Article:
Edit yes the studs are marked with an L on the left hub or should be but I didn't look
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Last edited by wiskers; 27-02-2016 at 02:28 PM.
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  #54  
Old 28-02-2016, 07:52 PM
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Priceless story there Dai.
A breaker bar is an essential tool.
I got one off a tool stall on a market.
1/2 inch drive and a good 1.2m long.
Give it some bloody gyp !!!!
Swingarm nuts give in to this!
And rear axle nuts which have been over tightened.
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  #55  
Old 28-02-2016, 07:57 PM
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Classic rear axle nut over tightened:

My 4th Busa in the shed.
Breaker bar with heavy 32mm socket.
My little lady sitting on the bike.
With me lifting the bar with both hands.
Not only was my little lady pushing down with her arms
on the shed roof, but I was lifting her and the bike off the floor
and still the nut wouldn't move.
Had to work another way around that problem.
Bike had been owned by a bike technician ? ???
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  #56  
Old 29-02-2016, 09:08 PM
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Quote:
Originally Posted by HOS View Post
Classic rear axle nut over tightened:

My 4th Busa in the shed.
Breaker bar with heavy 32mm socket.
My little lady sitting on the bike.
With me lifting the bar with both hands.
Not only was my little lady pushing down with her arms
on the shed roof, but I was lifting her and the bike off the floor
and still the nut wouldn't move.
Had to work another way around that problem.
Bike had been owned by a bike technician ? ???
Find a heavier lady?
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  #57  
Old 01-03-2016, 11:24 AM
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Default Budget tools

When on a budget it's tempting to pick up tools made in China, all i can say about this is while some may be ok others will be crap that will cost you money in the end, so they are best to avoid, I do have a 3/4" drive socket set that's made in China for the amount of use it gets it wasn't worth buying a good set it's mainly used for car hub nuts and does the job but it is pretty ugly and nasty to use

So where does that leave us second hand can work out really well but you may get stung that nice second hand socket set may be in a snap on box but might just be a cheap set in a snap on box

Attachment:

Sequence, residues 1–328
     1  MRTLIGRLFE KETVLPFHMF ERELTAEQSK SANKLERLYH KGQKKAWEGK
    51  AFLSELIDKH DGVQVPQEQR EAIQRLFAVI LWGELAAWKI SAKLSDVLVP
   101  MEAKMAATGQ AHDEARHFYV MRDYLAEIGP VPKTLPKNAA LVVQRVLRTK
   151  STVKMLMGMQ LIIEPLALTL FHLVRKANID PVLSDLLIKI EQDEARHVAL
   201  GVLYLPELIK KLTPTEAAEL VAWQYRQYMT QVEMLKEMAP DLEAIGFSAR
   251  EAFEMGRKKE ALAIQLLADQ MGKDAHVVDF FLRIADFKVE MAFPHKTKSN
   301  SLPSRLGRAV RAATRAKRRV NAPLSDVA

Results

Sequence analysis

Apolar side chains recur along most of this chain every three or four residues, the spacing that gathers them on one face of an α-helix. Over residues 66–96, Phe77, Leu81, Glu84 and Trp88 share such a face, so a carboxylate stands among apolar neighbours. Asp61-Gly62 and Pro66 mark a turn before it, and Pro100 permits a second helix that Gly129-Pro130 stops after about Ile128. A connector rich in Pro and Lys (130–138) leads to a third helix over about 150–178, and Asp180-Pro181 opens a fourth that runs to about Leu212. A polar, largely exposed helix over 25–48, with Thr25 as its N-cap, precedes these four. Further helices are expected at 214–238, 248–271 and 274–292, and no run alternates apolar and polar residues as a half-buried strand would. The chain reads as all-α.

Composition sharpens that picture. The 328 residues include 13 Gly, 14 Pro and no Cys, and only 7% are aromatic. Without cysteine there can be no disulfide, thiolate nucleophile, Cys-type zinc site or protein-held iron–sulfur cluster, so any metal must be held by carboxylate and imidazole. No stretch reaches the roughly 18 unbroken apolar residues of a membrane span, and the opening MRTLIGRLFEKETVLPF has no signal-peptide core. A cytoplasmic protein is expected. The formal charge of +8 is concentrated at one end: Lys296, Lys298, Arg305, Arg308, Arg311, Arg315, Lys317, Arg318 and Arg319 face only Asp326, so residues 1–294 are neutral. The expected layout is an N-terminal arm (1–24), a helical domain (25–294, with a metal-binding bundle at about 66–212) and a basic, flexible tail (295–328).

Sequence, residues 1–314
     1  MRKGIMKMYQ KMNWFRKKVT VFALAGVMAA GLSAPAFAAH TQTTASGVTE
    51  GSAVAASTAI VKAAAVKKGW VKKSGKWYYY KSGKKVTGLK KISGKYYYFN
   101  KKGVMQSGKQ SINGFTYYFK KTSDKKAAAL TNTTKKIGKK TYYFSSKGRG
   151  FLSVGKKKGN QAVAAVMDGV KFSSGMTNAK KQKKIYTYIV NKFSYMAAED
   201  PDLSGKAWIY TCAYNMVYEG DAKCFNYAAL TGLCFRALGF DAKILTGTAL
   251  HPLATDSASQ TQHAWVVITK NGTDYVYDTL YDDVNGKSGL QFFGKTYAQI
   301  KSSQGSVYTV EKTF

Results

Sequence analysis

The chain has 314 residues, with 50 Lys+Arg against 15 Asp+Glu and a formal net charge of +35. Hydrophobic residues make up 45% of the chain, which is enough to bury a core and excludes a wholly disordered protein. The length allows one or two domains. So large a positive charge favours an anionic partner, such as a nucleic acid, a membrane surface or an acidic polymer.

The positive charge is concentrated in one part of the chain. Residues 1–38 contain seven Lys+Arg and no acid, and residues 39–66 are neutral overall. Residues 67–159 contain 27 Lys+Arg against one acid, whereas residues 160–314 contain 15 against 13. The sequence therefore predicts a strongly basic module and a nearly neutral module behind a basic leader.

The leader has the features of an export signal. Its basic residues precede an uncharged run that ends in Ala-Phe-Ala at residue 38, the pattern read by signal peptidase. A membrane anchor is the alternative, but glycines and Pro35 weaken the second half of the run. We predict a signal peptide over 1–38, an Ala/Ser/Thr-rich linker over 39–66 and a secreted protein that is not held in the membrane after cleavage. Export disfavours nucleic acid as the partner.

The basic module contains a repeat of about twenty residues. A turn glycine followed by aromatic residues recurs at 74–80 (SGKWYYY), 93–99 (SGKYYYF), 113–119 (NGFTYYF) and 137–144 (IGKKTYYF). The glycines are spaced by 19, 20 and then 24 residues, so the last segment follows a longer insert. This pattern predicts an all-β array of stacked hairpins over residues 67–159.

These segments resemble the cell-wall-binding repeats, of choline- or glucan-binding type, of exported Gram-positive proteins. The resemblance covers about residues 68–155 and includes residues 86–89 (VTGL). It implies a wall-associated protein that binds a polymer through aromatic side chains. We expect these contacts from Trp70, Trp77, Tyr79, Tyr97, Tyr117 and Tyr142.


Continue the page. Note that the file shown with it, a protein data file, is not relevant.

Look for tools made in Taiwan some makes to look out for include,

US Pro, most of my impact impact bits and pieces are this make
Burgen, torque wrenches good loud click and seem pretty accurate
Neilsen, some of the nicest ratchets I have used, well the tear drop headed one's are i don't like their round head one's
Silverline, some be careful, their impact sockets are very good and cheap, other stuff seems Chinese
Halfords pro, good value in their many sales
Sealey premier range, breaker bar's great and spare heads available,
Clarke pro, good value socket sets some awful ratchets newer sets come with better ratchets
Draper expert, lovely 1/4" drive socket set's
There are others but i can't think of any off the top of my head

Did you know many of the top makes have tool's made there.
Over the last few years snap on have bought up some very well respected tool companies
Bacho, Still make the best adjustable spanners you can get, their socket set's are something very special
Sandvik,
Facom, still making lovely ratchet screwdrivers
Stanley, surprisingly some very nice socket set's, to be honest i thought they made hammers and very little else, that'll teach me to open my eyes eh!
To name a few, most of the tools you buy with these names will be made in Taiwan in the same factories that make the tools listed above

Hopefully this will help set your mind at rest about some of the tool's out there
You don't need to spend a fortune on good tool's

Infact i have just picked up a 13 piece impact socket set Sealey from amazon for less than 13 and a set of deep 3/8" flank drive coloured sockets Neilsen For less than 12, both sets delivered at that price, ok the sockets are lacquered over chrome so the colour won't last should have saved a couple of quid and got the chrome finish one's, however i am very impressed with the fit and finish of these
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Last edited by wiskers; 12-03-2016 at 02:31 PM. Reason: Adding bit's and spelin
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  #58  
Old 03-03-2016, 01:55 PM
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Default Keep fingers and other bits away from power tool's

Firstly I must point out it's not my finger and i don't know who's it is
Don't take nuts out of sockets with your fingers when there still on the rattle//windy gun
[IMG][/IMG]

Edit. I dread to think what he'd of put in there if he had a bigger nut and socket on the windy gun
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Last edited by wiskers; 04-03-2016 at 08:18 PM.
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  #59  
Old 04-03-2016, 06:30 AM
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Rubber lubrication spray (Silicone)

Very handy for rubbers when putting them back in.
Ooerr Missus!
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  #60  
Old 04-03-2016, 09:35 PM
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Ooerr Missus!
Lmho !!!
I was waiting!!
Fnarrr.....